`Passing follow-up waves going in as we made our way to the waiting position, brief chit-chats over loud-hailers took place.
    "What's it like?" "Not as bad as expected." And, aided by hot drinks and sandwiches, a cheerful reaction set in. In the comparative peace of the waiting position our casualty was transferred to the care of the flotilla's chief sick berth assistant aboard the hospital craft, and with nightfall we joined a northbound convoy.'​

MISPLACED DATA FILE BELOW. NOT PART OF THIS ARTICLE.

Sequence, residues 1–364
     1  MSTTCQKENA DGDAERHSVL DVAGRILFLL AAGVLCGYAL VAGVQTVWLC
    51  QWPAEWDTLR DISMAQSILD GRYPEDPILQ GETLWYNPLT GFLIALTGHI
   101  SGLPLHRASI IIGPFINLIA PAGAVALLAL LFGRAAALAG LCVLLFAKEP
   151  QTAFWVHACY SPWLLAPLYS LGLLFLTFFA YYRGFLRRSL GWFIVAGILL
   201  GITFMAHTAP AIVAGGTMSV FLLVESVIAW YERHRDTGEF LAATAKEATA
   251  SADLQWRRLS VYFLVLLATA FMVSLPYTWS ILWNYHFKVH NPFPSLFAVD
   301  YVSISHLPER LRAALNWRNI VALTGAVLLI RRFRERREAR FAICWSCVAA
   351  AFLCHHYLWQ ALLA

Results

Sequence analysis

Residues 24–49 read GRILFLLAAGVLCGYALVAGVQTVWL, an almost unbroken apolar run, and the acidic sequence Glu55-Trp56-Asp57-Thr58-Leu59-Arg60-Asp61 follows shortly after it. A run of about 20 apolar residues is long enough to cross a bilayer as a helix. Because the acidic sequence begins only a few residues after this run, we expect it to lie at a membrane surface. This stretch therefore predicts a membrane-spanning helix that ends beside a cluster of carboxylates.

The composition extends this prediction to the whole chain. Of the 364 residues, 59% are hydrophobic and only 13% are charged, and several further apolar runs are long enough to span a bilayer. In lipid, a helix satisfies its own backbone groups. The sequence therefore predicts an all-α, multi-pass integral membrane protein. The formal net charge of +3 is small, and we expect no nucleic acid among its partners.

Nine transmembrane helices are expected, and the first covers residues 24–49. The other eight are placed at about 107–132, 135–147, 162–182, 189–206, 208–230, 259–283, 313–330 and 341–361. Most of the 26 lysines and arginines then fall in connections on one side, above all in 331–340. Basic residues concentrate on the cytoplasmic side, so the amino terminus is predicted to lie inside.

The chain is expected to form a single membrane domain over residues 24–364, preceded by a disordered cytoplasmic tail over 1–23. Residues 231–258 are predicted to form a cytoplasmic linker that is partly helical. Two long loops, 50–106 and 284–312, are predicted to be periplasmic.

LIFE photographer Frank Scherschel crossed the Channel post-D Day on board 647 and took a number of shots, most of them shwing the US troops she was then carrying. Only one of them shows a crew member:
    31 - TimeLife_image_116679287 - 5x5 - 884 (2543) LCT(4) L24 - Frank Scherschel - Jun 44.jpg

    Last edited: Jun 10, 2024